Title

Energy Forecasting to Benchmark for Federal Net-zero Objectives under Climate Uncertainty

Document Type

Article

Publication Date

10-2022

Abstract

Climate variability creates energy demand uncertainty and complicates long-term asset management and budget planning. Without understanding future energy demand trends related to intensification of climate, changes to energy consumption could result in budget escalation. Energy demand trends can inform campus infrastructure repair and modernization plans, effective energy use reduction policies, or renewable energy resource implementation decisions, all of which are targeted at mitigating energy cost escalation and variability. To make these long-term management decisions, energy managers require unbiased and accurate energy use forecasts. This research uses a statistical, model-based forecast framework, calibrated retrospectively with open-source climate data, and run in a forecast mode with CMIP5 projections of temperature for RCPs 4.5 and 8.5 to predict total daily energy consumption and costs for a campus-sized community (population: 30,000) through the end of the century. The case study of Wright-Patterson AFB is contextualized within the existing Executive Orders directing net-zero emissions and carbon-free electricity benchmarks for the federal government. The model suggests that median annual campus electric consumption, based on temperature rise alone, could increase by 4.8% with RCP4.5 and 19.3% with RCP8.5 by the end of the century, with a current carbon footprint of 547 million kg CO2e. Monthly forecasts indicate that summer month energy consumption could significantly increase within the first decade (2020-2030), and nearly all months will experience significant increases by the end of the century. Therefore, careful planning is needed to meet net-zero emissions targets with significant increases in electricity demands under current conditions. Policies and projects to reduce the carbon footprint of federal agencies need to incorporate forecasting models to understand changes in demand to appropriately size electric infrastructure.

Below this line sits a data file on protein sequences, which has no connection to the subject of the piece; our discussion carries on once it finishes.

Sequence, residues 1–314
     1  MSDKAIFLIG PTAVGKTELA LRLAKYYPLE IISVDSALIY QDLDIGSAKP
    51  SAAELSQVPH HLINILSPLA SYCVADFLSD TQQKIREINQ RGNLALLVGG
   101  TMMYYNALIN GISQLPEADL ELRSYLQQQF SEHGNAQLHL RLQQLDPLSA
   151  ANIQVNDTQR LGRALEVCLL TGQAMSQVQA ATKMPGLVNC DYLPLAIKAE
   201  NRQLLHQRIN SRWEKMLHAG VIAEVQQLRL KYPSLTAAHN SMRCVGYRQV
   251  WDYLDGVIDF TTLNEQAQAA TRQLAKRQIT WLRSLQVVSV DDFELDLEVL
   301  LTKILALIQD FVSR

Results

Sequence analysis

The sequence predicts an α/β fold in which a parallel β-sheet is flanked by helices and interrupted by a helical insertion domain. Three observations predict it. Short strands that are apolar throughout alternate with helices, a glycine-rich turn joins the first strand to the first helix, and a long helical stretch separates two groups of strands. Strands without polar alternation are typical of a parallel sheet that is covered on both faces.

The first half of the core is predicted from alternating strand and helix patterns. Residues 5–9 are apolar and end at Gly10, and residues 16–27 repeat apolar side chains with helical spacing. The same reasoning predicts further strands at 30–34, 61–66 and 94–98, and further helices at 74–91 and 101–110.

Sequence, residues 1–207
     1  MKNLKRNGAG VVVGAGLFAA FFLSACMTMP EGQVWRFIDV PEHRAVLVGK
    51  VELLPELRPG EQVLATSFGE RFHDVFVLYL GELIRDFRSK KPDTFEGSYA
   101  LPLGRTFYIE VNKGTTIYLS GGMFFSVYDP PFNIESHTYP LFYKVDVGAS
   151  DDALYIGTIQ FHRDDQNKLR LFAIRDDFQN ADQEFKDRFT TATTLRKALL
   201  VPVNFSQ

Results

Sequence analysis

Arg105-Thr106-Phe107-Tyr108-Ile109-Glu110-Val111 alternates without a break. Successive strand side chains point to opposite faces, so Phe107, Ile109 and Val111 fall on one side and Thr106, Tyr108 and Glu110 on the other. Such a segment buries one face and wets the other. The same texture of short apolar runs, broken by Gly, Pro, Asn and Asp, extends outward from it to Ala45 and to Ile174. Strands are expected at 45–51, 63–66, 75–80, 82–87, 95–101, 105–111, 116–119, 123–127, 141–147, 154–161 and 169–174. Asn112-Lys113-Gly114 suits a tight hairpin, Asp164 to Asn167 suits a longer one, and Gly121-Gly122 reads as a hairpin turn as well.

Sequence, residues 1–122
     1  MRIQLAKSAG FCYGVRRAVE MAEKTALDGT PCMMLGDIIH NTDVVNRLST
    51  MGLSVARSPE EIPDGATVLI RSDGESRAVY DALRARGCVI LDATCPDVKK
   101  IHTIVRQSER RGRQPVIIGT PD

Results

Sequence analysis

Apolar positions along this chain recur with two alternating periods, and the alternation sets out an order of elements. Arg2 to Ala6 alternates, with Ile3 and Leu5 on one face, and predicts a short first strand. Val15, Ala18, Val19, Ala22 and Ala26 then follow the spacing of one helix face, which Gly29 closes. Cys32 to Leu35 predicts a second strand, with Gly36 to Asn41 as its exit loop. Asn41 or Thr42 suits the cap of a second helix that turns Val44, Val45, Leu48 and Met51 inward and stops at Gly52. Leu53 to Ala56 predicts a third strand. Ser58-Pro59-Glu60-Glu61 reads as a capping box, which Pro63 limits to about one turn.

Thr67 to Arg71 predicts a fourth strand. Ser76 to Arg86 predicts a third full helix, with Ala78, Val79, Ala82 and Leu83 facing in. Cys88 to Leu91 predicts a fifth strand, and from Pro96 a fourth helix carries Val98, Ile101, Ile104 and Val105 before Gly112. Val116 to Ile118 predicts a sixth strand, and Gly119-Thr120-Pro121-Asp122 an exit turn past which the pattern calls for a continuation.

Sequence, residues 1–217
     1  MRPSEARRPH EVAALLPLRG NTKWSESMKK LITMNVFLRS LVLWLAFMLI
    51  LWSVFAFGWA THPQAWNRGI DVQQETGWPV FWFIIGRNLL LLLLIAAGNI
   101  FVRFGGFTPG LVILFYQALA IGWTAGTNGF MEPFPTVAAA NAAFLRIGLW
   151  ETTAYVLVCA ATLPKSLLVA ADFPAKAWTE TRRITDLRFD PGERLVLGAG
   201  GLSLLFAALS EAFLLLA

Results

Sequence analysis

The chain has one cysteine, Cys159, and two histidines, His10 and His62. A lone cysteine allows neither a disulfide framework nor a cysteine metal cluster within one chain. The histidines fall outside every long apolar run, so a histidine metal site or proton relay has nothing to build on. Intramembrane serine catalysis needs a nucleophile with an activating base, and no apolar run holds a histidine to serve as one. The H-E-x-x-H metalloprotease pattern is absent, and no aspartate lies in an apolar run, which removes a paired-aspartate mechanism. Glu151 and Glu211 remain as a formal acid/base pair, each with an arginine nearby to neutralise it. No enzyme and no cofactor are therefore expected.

Comments

© 2022 The Authors. Published by IOP Publishing Ltd.

The Version of Record of this article is going to be published on a gold open access basis under a CC BY 3.0 license. This Accepted Manuscript is available for reuse under a CC BY 3.0 license immediately.

DOI

10.1088/2634-4505/ac9712

Source Publication

Environmental Research: Infrastructure and Sustainability

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